Airline taxes, fees and charges – what’s the law?
Airlines collect taxes, fees and charges from passengers when flights are booked. But the airline is only legally obliged to pass these onto the various bodies when the passengers fly.
So if passengers doesn’t travel for any reason the airline does not pass these monies onto the Government, airport authority or other agency – they may keep them, although they belong to the passenger who paid for them in the first place.
More specifically, the accepted legal opinion is as follows: “A payment made on a basis which fails, can be recovered. So if I pay for cigarettes, and the price includes an amount for a tax, which is subsequently found to be unconstitutional, the basis for that excess amount has failed , and I can recover the tax amount that wasn’t due” (See Roxborough v Rothmans of Pall Mall Australia Limited (2001), 208 CLR 516 (2001), HCA 68 (6 December 2001).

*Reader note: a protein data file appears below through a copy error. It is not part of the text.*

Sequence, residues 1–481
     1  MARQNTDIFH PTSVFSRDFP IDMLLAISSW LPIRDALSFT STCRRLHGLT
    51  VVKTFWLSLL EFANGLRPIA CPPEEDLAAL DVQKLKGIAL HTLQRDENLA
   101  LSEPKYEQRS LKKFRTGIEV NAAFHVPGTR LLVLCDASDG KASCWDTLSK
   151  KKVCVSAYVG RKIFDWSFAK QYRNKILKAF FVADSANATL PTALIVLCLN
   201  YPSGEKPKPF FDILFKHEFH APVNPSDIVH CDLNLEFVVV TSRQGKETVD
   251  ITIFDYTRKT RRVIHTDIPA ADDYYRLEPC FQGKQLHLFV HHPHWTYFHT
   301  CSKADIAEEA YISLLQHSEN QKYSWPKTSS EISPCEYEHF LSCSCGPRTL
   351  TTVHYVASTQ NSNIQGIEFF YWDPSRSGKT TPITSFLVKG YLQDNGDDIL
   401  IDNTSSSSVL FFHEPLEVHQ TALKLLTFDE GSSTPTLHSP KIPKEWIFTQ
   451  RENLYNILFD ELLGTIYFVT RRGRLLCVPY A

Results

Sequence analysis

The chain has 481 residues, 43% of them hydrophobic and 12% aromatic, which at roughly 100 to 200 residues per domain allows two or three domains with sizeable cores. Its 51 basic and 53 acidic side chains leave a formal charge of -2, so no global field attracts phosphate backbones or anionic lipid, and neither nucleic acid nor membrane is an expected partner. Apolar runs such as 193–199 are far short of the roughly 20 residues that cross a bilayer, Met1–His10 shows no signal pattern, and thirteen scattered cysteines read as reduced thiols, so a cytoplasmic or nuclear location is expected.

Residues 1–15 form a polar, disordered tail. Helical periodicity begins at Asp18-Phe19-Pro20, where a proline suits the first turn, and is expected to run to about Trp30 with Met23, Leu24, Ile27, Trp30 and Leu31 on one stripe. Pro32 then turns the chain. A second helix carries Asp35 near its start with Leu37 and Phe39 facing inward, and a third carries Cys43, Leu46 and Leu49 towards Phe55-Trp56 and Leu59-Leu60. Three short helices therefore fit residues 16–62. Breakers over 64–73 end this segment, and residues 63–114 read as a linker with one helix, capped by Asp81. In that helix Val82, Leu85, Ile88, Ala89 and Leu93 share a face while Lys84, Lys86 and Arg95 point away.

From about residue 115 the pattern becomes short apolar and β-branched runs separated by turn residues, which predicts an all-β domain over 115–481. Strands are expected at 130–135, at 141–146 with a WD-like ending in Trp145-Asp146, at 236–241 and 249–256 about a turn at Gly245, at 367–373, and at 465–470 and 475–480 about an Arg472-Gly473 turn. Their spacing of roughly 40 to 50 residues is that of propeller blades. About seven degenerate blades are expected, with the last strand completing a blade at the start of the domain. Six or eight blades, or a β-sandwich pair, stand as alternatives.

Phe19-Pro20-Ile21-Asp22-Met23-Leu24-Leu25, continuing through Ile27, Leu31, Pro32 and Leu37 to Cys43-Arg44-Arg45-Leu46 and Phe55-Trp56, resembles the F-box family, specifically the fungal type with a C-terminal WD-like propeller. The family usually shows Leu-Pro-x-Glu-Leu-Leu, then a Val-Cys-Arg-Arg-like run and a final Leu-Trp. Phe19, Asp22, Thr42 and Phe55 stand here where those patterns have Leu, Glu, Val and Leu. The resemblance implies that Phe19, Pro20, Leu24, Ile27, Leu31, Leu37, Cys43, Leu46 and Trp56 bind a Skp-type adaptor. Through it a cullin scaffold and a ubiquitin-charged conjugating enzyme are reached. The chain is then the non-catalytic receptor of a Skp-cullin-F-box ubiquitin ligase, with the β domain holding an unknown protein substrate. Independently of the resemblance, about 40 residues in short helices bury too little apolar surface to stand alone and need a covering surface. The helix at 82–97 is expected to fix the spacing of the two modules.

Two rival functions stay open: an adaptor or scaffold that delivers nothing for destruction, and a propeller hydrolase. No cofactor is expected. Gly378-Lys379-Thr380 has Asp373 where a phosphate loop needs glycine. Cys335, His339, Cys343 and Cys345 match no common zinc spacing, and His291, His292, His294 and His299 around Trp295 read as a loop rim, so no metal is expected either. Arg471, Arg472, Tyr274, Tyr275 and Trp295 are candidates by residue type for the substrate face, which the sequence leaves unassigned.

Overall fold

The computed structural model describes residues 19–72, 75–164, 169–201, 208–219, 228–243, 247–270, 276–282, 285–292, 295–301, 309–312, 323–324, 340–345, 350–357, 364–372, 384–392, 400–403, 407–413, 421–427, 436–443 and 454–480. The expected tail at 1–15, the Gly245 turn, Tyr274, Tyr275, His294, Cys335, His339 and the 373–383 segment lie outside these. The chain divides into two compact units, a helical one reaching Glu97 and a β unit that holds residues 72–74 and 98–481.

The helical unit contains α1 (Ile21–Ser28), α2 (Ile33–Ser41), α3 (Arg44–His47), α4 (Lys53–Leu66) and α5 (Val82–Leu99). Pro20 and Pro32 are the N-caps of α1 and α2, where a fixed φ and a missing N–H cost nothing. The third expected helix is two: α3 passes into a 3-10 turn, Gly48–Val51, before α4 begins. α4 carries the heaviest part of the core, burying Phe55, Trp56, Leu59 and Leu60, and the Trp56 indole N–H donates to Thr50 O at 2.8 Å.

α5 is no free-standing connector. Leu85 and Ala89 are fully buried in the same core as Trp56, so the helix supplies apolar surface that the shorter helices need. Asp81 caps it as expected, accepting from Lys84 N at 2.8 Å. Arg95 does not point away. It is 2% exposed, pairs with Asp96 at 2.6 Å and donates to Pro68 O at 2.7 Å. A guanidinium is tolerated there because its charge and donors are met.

This same principle applies to the airlines and therefore you ought to be able to recover these charges. If the contract between you and the airline contains clauses making them irrecoverable (or what amounts to the same thing, imposing disproportionately high administration fees) such clauses are almost certainly unenforceable (on the foot of the European Communities (Unfair Terms in Consumer Contracts) regulations, 1995 (S.I No27 of 1995) the English equivalent of which has been applied recently by the Office of Fair Trading (OFT) against one airline’s terms and conditions. it bears repeating: as a matter of law, taxes collected but not due must be refunded.
And any charge for the return must not be ‘disproportionate’, which requires of course that (airlines) justify their charge as proportionate to the actual costs incurred in making the refund” (source with management of airtaxrefund.com)
European Civil Aviation – Passenger Services Commitment. In 2002, many EU airlines signed up to the European Civil Aviation Conference’s Passenger Services Commitment (PSC) .Those that did not sign up to this introduced their own similar service.